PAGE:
Friday, April 24, 2009


As I move my pitiable way through the exigencies of ceasing to be a lush (and, as it turns out, that Lost Weekend-cold sweat game is of a greater veracity than one might expect), a brief update:

Santana, "[untitled]," live recording, c. 1974 (?)
Carlos Santana has done such an exquisite job of making himself an irrelevant joke over the last two decades that we may forget his genuine attempts, at one point, to charge toward a genuinely syncretic music drawing in Latin ostinati, rock sonorities, and modal-jazz open-endedness, and the band assembled in this clip was a very special one: Michael Shrieve, the really rather extraordinary drummer who was copping Elvin licks in front of 900,000 people at Woodstock when he was 16 (!), was finding his way to a new subtlety and sophistication; Richard Kermode and Tom Coster were forging ahead into both au courant synth textures and McCoy Tyner-style harmonics; presumably little need be said of the excellent Doug Rauch/Chepito Areas/Armando Peraza rhythm line-up; and in this briefest of moments, Santana instituted a managerial coup de gras by getting Leon Thomas, probably best known for his astonishing performances on Pharoah Sanders' Karma LP and particularly the half-hour sonic orgy "The Creator Has a Master Plan," to connect the group to both gritty-ass funk and out-jazz spiritualism (Thomas' '72 solo disc Blues and the Soulful Truth comes highly recommended as an exemplar of both, by the way). Unfortunately, the best work of this lineup was completed almost entirely before Thomas showed up: 1972's brilliant Caravanserai and the '73 Santana/John McLaughlin joint venture Love, Devotion, Surrender represent the least compromised vision of what the band could've become, and by the next year's Welcome (Thomas' first studio appearance), Carlos was already taming the wilder impulses of his group in an apparent bid for R&B radio play (not that there isn't some worthwhile Latin-accented soul music on that record).

[As a side note, it's very difficult to find Michael Shrieve's 1994 solo disc Two Doors, but the effort is eminently worthwhile: an interesting two-trios concept (the first half features Shrieve with bassist Jonas Hellborg and guitar genius Shawn Lane, who's allowed on the album as nowhere else in his brief output to dispense with shred-wank clichés and get to the real line-carving; the second, guitarist Bill Frisell, at his least White-hokey best, and organist Wayne Horvitz) pays off immensely, the compositions one and all transcend yr stereotypical drummer-goes-solo two-chord funk vamps, and Lane's tendency to vocalize along with his soloing takes the often Arabic-tinged chord progressions into electric muezzin territory.]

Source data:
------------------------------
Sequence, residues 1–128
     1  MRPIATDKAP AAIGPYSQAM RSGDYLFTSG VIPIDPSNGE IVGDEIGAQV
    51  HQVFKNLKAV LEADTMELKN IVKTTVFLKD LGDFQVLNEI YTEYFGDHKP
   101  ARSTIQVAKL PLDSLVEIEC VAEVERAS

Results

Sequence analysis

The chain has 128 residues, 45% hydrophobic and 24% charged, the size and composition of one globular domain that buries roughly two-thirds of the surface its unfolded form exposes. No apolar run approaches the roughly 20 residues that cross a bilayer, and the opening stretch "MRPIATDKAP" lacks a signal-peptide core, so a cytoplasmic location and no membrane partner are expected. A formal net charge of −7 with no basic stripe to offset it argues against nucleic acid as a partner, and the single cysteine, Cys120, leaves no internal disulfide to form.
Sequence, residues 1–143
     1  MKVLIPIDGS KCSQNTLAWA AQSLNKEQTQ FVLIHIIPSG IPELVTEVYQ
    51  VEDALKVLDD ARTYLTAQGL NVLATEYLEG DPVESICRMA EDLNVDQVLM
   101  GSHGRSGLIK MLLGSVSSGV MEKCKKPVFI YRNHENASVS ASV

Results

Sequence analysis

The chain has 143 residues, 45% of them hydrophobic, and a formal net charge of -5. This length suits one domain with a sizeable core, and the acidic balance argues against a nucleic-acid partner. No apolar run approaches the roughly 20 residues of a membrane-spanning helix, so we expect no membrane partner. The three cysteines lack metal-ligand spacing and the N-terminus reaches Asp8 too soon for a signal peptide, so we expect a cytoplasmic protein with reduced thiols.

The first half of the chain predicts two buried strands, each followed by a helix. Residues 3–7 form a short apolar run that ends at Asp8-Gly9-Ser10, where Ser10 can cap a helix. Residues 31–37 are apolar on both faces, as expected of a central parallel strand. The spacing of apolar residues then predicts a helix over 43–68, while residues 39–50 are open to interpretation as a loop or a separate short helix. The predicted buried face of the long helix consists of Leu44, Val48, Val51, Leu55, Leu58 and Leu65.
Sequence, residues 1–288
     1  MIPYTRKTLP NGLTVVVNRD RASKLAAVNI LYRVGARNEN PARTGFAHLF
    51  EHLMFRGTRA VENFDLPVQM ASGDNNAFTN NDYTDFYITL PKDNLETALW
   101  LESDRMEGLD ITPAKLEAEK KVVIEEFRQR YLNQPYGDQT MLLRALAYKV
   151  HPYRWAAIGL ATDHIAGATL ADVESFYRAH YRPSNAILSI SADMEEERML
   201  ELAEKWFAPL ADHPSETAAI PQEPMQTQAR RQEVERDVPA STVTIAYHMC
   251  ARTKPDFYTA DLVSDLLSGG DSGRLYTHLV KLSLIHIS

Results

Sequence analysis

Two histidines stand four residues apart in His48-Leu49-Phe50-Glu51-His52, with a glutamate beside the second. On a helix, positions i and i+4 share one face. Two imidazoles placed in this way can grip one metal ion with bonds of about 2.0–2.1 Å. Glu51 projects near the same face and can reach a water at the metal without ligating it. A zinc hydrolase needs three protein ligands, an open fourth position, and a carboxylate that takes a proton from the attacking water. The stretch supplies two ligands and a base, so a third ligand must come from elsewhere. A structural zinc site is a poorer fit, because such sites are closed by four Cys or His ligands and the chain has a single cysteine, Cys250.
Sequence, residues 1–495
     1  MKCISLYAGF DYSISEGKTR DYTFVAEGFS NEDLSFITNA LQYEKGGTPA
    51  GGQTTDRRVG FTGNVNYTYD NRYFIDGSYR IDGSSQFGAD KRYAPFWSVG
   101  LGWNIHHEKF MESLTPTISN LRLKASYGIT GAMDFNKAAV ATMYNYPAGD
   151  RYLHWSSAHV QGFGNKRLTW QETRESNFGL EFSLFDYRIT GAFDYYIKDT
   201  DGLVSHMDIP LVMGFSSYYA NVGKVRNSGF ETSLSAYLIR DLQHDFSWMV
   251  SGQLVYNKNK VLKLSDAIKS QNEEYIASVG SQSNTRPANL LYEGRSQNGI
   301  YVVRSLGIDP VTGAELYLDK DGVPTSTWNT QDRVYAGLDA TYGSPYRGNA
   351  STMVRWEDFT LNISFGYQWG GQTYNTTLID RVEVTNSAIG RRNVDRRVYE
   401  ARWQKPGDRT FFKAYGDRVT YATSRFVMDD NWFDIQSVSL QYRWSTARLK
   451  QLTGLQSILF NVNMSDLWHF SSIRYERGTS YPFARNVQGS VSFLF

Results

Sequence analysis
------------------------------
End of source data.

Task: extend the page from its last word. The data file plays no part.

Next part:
Leon Thomas, "China Doll," Blues and the Soulful Truth (1972)
The YouTube overcompression/bad vinyl master/whatever it is drops a dollop of ehhhh on this, sonics-wise, but hopefully something of Thomas' future-forward avant-R&B aesthetic will come through. It's one of the more restrained cuts from the record, relatively low on the truly over-the-top back-at-the-chicken-shack histrionics of "Let's Go Down to Lucy" or the Middle Eastern modal engagement of "Gypsy Queen" and "Shape Your Mind to Die," but he gets inside the curious Afro-Oriental arrangement and hits the rare pitch that allows him to riff around Asian pentatonics and deliver lines about grrrls lookin' so good he wanna be speaking Chinese with the necessary self-effacement.

1 comment:

Natasha Rosen said...

The Leon Thomas is VERY seventies. I feel like Shaft should be playing in the background and he should be on his way to the village to meet up with his 'lady friend.'

hey, also I commented on *The Recognitions* quote. It's on my page.

Later, NR